Domain decomposition methods for wave propagation problems Our research activities on this topic aim at the formulation, analysis and concrete evaluation of Schwarz type domain decomposition methods in conjunction with discontinuous Galerkin approximation methods on unstructured simplicial meshes for the calculation of time-domain and time-harmonic wave propagation problems in heterogeneous media. Ongoing works in this direction are concerned with the design of overlapping and non-overlapping Schwarz algorithms for the solution of the time-harmonic Maxwell equations. In these algorithms, a first order absorbing condition is imposed at the interfaces between neighboring subdomains. This interface condition is equivalent to a Dirichlet condition for characteristic variables associated to incoming waves. For this reason, it is often referred as a natural interface condition. Whatsoever is the overlapping strategy, the Schwarz algorithm can be used as a global solver or it can be reformulated as a Richardson iterative method acting on an interface system. In the latter case, the iterative resolution of the interface system can be performed in a more efficient way using a Krylov method. Beside Schwarz algorithms based on natural interface conditions, we also study algorithms that make use of more effective transmission conditions. From the theoretical point of view, this represents a much more challenging goal since most of the existing results on optimized Schwarz algorithms have been obtained for scalar partial differential equations. We plan to extend the techniques for obtaining optimized Schwarz methods previously developed for the scalar partial differential equations to systems of partial differential equations by using appropriate relationships between systems and equivalent scalar problems.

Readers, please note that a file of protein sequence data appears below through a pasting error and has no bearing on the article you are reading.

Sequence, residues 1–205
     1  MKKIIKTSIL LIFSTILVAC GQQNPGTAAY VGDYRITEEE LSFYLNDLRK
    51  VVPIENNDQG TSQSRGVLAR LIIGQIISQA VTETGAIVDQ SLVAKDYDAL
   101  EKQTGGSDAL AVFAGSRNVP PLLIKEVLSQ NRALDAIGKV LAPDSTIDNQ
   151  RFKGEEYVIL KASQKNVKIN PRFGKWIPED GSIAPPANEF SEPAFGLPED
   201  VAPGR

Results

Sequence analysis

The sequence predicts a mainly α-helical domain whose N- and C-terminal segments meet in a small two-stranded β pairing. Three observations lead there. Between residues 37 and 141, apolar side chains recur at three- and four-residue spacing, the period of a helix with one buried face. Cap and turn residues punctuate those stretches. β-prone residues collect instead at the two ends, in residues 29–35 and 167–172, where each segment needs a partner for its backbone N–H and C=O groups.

High performance numerical computing
Beside basic research activities related to the topics discussed above, we are also committed to assessing the numerical methods and resolution algorithms that we propose through the numerical simulation of large-scale three-dimensional problems pertaining to computational electromagnetics and computation geoseismics. In practice, accuracy constraints bring the challenge of processing very large data sets corresponding to high resolution discretized geometrical models. In addition, the physical phenomena of interest are in essence unsteady and stability issues impose rather small time steps meaning that numerical simulations require a lot of time iterations. In this context, parallel computing is a mandatory path. Nowadays, modern parallel computing platforms most often take the form of clusters of multiprocessor systems which can be viewed as an hybrid distributed-shared memory systems. Moreover, multiple core systems are increasingly adopted thus introducing an additional level in the local memory hierarchy. Developing numerical algorithms that efficiently exploit such platforms raise several challenges, especially in the context of a massive parallelism. In this context, our activites are concered with (a) the exploitation of multiple levels of parallelism in domain decomposition algorithms for solving the large algebraic systems resulting from the DG discretization of the systems of PDEs that we consider and, (b) the study hierachical SPMD (Single Program Multiple Data) strategies for the parallelization of unstructured mesh based solvers.